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Datum objave: 12.10.2020

Louise Glück

In 2020, she was awarded the Nobel Prize in Literature

Louise Glück

Louise Elisabeth Glück (/ɡlɪk/; born April 22, 1943) is an American poet and essayist. She has won numerous major literary awards, including the Pulitzer Prize, National Humanities Medal, National Book Award, National Book Critics Circle Award, and the Bollingen Prize. From 2003 to 2004, she was Poet Laureate of the United States. In 2020, she was awarded the Nobel Prize in Literature 'for her unmistakable poetic voice that with austere beauty makes individual existence universal'.

Glück is often described as an autobiographical poet; her work is known for its emotional intensity and for frequently drawing on myth, history, or nature to meditate on personal experiences and modern life. She was born in New York City and raised on Long Island. She began to suffer from anorexia nervosa while in high school and later overcame the illness. She attended Sarah Lawrence College and Columbia University but did not obtain a degree. In addition to being an author, she has taught poetry at several academic institutions.

In her work, Glück has focused on illuminating aspects of trauma, desire, and nature. In exploring these broad themes, her poetry has become known for its frank expressions of sadness and isolation. Scholars have also focused on her construction of poetic personas and the relationship, in her poems, between autobiography and classical myth.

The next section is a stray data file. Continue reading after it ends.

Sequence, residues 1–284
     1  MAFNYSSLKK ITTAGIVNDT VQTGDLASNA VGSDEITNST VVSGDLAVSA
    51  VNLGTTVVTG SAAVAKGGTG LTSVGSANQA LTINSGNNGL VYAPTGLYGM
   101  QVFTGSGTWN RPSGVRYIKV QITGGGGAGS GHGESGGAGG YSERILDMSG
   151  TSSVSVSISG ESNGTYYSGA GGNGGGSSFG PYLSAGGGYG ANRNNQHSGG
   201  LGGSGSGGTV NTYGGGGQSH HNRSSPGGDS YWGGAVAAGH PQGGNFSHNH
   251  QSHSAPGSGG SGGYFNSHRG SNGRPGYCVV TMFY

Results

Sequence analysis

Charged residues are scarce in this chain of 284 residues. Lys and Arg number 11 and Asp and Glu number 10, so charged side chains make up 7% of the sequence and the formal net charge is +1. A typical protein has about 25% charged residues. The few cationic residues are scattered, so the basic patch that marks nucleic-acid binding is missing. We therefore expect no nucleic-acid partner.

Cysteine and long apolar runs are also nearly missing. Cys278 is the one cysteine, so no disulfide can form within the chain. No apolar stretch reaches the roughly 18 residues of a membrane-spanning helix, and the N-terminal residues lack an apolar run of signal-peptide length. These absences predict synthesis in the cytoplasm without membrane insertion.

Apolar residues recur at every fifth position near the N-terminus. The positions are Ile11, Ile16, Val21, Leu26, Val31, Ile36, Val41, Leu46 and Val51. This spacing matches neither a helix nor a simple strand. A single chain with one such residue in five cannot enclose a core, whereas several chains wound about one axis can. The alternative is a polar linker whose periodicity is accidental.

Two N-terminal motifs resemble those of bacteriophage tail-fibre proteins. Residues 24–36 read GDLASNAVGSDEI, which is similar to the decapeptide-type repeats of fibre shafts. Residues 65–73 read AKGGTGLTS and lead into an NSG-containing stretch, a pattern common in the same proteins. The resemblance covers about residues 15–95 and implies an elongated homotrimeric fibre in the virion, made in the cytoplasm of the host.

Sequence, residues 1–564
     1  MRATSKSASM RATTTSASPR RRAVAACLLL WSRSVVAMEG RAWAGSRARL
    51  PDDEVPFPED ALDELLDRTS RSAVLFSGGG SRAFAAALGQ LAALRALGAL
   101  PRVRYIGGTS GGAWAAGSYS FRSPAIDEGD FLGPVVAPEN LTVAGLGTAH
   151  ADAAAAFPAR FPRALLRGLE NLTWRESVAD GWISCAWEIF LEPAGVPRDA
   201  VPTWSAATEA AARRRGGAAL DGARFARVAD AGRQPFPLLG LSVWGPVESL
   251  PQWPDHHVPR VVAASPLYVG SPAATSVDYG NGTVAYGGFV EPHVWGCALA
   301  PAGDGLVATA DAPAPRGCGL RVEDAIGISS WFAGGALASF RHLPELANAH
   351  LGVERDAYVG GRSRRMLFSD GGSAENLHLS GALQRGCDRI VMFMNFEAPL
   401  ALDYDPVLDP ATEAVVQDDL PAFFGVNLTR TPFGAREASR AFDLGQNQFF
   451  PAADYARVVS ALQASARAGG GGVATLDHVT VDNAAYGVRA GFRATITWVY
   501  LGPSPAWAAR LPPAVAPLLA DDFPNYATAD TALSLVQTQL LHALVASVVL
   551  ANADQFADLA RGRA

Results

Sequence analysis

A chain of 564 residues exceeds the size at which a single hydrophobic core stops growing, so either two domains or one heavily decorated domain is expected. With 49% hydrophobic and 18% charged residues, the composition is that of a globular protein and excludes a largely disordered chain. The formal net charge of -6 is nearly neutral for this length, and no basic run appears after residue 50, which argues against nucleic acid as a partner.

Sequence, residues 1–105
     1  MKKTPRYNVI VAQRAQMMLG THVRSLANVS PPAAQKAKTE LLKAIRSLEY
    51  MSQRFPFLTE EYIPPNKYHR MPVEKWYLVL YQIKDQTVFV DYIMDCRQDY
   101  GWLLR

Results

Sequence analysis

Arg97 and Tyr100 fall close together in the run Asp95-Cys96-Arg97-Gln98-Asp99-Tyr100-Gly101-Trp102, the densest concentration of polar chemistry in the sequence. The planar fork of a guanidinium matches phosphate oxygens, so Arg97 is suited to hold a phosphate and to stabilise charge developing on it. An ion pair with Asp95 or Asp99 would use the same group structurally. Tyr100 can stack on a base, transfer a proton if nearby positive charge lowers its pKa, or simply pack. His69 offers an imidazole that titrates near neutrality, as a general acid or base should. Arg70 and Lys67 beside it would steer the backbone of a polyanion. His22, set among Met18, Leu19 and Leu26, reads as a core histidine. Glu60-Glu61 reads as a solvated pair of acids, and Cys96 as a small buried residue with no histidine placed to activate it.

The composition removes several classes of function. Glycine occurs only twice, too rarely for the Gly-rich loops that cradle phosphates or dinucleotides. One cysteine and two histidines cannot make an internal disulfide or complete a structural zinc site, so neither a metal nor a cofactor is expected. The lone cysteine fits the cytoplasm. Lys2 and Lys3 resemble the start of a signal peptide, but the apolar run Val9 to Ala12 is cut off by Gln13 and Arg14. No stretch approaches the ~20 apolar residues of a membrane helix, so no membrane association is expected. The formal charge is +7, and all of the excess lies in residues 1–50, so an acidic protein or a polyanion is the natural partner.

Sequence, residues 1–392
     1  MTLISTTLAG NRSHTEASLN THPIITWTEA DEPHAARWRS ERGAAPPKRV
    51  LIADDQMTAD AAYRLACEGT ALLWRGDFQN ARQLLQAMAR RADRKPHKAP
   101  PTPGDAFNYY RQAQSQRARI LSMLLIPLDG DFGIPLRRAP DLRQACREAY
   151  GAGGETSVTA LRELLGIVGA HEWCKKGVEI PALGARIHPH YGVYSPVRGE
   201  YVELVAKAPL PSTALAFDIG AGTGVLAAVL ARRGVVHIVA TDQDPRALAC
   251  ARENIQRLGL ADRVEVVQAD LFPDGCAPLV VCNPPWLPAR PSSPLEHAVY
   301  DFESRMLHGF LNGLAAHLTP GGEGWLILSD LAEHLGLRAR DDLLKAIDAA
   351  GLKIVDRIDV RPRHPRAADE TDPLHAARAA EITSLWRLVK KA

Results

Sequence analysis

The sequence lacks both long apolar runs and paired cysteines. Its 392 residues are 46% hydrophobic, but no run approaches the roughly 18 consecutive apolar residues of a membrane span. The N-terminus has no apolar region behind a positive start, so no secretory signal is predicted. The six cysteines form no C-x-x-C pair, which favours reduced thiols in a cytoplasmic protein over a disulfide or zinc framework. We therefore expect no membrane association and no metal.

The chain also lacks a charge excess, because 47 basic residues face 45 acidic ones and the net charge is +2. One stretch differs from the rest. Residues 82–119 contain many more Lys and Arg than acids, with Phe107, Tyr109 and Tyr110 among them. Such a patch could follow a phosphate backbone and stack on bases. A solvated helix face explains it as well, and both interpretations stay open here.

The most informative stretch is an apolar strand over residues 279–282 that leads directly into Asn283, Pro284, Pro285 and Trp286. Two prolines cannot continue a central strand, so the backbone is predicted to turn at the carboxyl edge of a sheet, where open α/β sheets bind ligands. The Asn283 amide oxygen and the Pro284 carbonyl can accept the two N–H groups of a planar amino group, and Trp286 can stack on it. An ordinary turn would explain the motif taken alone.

Glück is an adjunct professor and Rosenkranz Writer in Residence at Yale University. She lives in Cambridge, Massachusetts.

Glück's elder sister died young before Glück was born. Her younger sister, Tereze (1945–2018), worked at Citibank as a vice president and was also a writer, winning the Iowa Short Fiction Award in 1995 for her book May You Live in Interesting Times. Glück's niece is the actress Abigail Savage.

Glück has pointed to the influence of psychoanalysis on her work, as well as her early learning in ancient legends, parables, and mythology. In addition, she has credited the influence of Léonie Adams and Stanley Kunitz. Scholars and critics have pointed to the literary influence on her work of Robert Lowell, Rainer Maria Rilke, and Emily Dickinson, among others.

Louise Elisabeth Glück

Louise Glück

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